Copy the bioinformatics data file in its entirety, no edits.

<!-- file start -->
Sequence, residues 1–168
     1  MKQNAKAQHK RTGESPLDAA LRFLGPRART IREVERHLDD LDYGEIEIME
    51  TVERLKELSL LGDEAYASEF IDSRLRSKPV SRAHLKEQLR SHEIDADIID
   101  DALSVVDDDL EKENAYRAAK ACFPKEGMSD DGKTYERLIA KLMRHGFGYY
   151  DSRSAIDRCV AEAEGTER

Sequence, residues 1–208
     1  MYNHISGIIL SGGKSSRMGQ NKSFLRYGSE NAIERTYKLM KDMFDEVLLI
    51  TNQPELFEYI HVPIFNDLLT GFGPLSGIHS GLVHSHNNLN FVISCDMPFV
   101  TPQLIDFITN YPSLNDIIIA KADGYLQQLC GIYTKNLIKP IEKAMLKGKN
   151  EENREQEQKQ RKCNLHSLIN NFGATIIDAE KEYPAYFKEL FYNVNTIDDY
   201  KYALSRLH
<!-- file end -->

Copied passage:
Sequence, residues 1–168
     1  MKQNAKAQHK RTGESPLDAA LRFLGPRART IREVERHLDD LDYGEIEIME
    51  TVERLKELSL LGDEAYASEF IDSRLRSKPV SRAHLKEQLR SHEIDADIID
   101  DALSVVDDDL EKENAYRAAK ACFPKEGMSD DGKTYERLIA KLMRHGFGYY
   151  DSRSAIDRCV AEAEGTER

Sequence, residues 1–208
     1  MYNHISGIIL SGGKSSRMGQ NKSFLRYGSE NAIERTYKLM KDMFDEVLLI
    51  TNQPELFEYI HVPIFNDLLT GFGPLSGIHS GLVHSHNNLN FVISCDMPFV
   101  TPQLIDFITN YPSLNDIIIA KADGYLQQLC GIYTKNLIKP IEKAMLKGKN
   151  EENREQEQKQ RKCNLHSLIN NFGATIIDAE KEYPAYFKEL FYNVNTIDDY
   201  KYALSRLH